Ten Restaurants That Changed America

(Author) (Introduction by)
Backorder (temporarily out of stock)
Product Details
Price
$35.00  $32.55
Publisher
Liveright Publishing Corporation
Publish Date
Pages
560
Dimensions
7.5 X 1.7 X 9.4 inches | 2.9 pounds
Language
English
Type
Hardcover
EAN/UPC
9780871406804
BISAC Categories:

Earn by promoting books

Earn money by sharing your favorite books through our Affiliate program.

Become an affiliate
About the Author
Paul Freedman is a history professor at Yale University. The author of the highly acclaimed Ten Restaurants That Changed America, Freedman lives in Pelham, New York.

Danny Meyer, a native of St. Louis, opened his first restaurant, Union Square Cafe, in 1985 when he was twenty-seven, and went on to found the Union Square Hospitality Group, which includes some of New York City's most acclaimed restaurants: Union Square Cafe, Gramercy Tavern, The Modern, Maialino, North End Grill, Blue Smoke, and Shake Shack, as well as Jazz Standard, Union Square Events, and Hospitality Quotient. Danny, his restaurants, and his chefs have earned an unprecedented twenty-five James Beard Awards. Danny's groundbreaking business book, Setting the Table, was a New York Times bestseller, and he has coauthored two cookbooks with his business partner, Chef Michael Romano. Danny lives in New York with his wife and children.

Michael Romano joined Union Square Cafe in 1988, preparing his unique style of American cuisine with an Italian soul. In 1993, Michael became Danny Meyer's partner. Under Michael's leadership, Union Square Cafe has been ranked Most Popular in New York City Zagat surveys for a record seven years. The restaurant also received the James Beard Award for Outstanding Restaurant of the Year. Michael has coauthored two cookbooks with Danny Meyer, The Union Square Cafe Cookbook and Second Helpings. He is the recipient of numerous nominations and awards, including the James Beard Foundation's Best Chef in New York City in 2001, and in 2000, he was inducted into the James Beard Foundation's Who's Who of Food & Beverage in America.

Reviews
Fascinating. . . . In his sweep through centuries of food culture, Freedman illuminates much more than what happened in the front or back of the house of these 10 distinct places (although he does plenty of that). He effectively makes the case that the story of America's restaurants is one of changing immigration patterns, race relations, gender and family roles, work obligations, and leisure habits. . . . [Freedman's] insights are shrewd and demonstrate the power of historical study in understanding the world.--Joe Yonan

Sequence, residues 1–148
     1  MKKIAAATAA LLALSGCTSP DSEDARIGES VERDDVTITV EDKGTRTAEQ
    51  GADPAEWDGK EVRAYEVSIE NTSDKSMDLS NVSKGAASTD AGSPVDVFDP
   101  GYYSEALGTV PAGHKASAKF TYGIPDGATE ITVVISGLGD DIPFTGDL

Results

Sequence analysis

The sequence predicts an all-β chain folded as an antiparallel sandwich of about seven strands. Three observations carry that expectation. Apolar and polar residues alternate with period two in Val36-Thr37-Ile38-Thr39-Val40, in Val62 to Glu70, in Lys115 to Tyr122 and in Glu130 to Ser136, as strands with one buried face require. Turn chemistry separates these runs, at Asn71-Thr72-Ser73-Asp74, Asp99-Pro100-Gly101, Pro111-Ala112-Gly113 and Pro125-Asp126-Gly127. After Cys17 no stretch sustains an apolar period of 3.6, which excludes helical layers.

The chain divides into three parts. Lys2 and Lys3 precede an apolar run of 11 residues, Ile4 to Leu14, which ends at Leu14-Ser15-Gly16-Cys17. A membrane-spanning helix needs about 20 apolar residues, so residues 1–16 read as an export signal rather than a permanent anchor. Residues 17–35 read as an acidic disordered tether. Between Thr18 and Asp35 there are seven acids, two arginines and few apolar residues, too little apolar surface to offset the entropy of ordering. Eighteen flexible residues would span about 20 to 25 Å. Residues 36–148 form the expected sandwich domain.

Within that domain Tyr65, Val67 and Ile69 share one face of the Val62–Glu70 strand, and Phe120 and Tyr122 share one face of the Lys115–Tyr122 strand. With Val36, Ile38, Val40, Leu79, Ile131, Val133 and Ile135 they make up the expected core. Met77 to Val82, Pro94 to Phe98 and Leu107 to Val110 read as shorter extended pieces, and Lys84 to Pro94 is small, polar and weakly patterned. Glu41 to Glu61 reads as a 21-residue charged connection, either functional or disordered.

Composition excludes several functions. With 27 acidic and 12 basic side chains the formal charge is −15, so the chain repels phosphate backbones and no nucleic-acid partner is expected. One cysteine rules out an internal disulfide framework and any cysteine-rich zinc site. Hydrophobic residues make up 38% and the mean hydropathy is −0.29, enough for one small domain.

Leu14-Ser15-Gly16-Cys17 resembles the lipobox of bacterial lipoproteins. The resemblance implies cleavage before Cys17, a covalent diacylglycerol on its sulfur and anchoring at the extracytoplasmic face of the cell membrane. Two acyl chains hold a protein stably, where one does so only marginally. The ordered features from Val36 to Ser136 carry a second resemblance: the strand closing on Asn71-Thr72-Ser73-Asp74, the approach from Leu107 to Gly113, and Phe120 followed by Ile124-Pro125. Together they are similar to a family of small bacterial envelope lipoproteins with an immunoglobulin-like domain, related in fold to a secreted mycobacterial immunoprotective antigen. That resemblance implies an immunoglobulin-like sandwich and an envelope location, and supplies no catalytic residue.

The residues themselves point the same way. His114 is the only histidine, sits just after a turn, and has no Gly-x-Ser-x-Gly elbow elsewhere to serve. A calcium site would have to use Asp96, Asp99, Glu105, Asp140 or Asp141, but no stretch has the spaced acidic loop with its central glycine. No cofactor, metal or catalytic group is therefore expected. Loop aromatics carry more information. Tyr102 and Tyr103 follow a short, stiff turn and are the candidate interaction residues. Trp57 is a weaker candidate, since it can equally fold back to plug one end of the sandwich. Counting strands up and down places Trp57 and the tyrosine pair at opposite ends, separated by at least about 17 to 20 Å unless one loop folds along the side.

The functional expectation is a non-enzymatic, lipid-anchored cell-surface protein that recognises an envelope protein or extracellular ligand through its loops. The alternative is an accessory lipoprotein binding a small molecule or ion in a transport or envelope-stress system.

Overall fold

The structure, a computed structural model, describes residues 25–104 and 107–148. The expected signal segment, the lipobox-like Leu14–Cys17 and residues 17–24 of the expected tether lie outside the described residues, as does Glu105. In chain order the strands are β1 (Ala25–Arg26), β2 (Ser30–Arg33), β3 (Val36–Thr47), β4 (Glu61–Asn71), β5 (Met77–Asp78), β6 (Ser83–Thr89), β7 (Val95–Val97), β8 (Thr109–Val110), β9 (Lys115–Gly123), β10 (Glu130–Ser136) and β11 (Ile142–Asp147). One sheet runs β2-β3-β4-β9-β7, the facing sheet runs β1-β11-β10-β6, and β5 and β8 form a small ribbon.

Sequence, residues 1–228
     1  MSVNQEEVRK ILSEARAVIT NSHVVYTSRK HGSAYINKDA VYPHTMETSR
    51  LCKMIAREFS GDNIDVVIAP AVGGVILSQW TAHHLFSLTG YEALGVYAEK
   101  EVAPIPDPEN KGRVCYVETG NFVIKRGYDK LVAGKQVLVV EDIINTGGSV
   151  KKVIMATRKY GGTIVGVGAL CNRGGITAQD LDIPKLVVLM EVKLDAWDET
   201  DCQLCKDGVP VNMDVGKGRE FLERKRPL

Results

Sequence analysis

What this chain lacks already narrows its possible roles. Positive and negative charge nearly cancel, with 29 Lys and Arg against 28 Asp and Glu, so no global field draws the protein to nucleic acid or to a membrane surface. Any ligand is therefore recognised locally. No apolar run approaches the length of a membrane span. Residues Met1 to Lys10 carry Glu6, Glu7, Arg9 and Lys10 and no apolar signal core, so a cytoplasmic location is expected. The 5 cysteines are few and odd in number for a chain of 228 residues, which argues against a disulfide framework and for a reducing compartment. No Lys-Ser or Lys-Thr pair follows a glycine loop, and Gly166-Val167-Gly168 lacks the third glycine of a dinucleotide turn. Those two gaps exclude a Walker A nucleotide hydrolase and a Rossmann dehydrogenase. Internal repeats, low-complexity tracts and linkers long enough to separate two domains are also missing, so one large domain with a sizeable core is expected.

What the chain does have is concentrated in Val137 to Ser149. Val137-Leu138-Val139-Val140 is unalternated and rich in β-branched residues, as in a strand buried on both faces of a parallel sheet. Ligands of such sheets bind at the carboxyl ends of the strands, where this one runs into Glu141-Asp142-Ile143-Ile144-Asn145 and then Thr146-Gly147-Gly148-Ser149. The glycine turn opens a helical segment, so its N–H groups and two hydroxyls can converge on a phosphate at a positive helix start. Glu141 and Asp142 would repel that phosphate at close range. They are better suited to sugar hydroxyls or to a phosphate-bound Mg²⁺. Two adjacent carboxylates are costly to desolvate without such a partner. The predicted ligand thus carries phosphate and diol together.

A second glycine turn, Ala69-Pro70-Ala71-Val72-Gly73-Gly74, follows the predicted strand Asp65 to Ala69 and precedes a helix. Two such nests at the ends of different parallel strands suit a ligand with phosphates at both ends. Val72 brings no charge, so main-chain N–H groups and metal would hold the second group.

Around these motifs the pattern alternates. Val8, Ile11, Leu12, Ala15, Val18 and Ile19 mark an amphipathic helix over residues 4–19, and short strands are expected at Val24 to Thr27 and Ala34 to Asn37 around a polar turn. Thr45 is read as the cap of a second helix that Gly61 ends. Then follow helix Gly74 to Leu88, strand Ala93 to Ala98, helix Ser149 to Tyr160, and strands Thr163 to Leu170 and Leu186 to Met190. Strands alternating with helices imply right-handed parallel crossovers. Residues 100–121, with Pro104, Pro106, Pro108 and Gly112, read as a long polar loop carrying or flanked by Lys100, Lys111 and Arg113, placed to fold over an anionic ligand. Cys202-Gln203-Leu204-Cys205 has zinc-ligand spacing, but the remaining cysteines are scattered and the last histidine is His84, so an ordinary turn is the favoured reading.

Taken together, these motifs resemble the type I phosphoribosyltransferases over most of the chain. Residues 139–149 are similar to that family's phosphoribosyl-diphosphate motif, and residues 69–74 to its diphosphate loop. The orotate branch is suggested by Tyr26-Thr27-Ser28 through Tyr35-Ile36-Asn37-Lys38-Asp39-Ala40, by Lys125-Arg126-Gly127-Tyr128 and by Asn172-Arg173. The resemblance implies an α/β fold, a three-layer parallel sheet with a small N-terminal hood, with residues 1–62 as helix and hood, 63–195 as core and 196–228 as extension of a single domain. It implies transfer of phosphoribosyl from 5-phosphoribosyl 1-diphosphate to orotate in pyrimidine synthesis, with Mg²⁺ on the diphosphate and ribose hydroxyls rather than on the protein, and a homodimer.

Impeccable . . . . Inevitably, a book like this will induce a feast of delicious nostalgia in most readers, a longing for all those good -- and even some not so good -- menus and dishes past. But the culinary and cultural journey Mr. Freedman has taken us on demonstrates the abiding qualities in our society -- its openness to new sources and sourcing, its diversity, its restlessness with the same old thing, its capacity for reinvention and assimilation -- all of which bode well for the future of America's restaurants and its cuisine.--Martin Rubin
Fascinating....Mr. Freedman's book suggests that it's not ultimately restaurants that change America--it's the people in the kitchen.--Victorino Matus
Pleasure without snobbery: Paul Freedman's book is itself exactly what the very best American food has always been.--Joyce E. Chaplin, professor of early American history, Harvard University
Spanning over 100 years, Paul Freedman's engrossing and well-researched exploration of the restaurant as an American institution presents us with a gallery of unforgettable characters, iconic dishes, and unique places. Immigrants, entrepreneurs, chefs, and impresarios all loom large in a narrative that accurately tracks the historical changes in how we eat in public.--Fabio Parasecoli, director of Food Studies Initiatives, The New School
Eminently readable. . . .In a narrative that is intellectually delicious, Freedman presents a new way of thinking about 'you are what you eat.' This will appeal widely, engaging readers with both a casual or scholarly interest in food history and its influence on American culture in the late 19th and 20th centuries.--Courtney McDonald
A robust historical trek through America's restaurant cuisine over three centuries. . . . Delightfully illustrated with menus, photos, and other visual accompaniments, the narrative delves into each of the 10 restaurants' unique stories, beginning with America's first restaurant, Delmonico's . . . . Culinary historians, those besotted with food culture, and curious general readers will all find something of value in this well-researched, entertaining social and cultural history.
The most important and entertaining book on the subject of food that I've read in years! Paul Freedman paints a portrait of a culture whose cuisine is only beginning to emerge. Witty, sensitive, surprisingly sensuous--more, please!--Molly O'Neill, author of One Big Table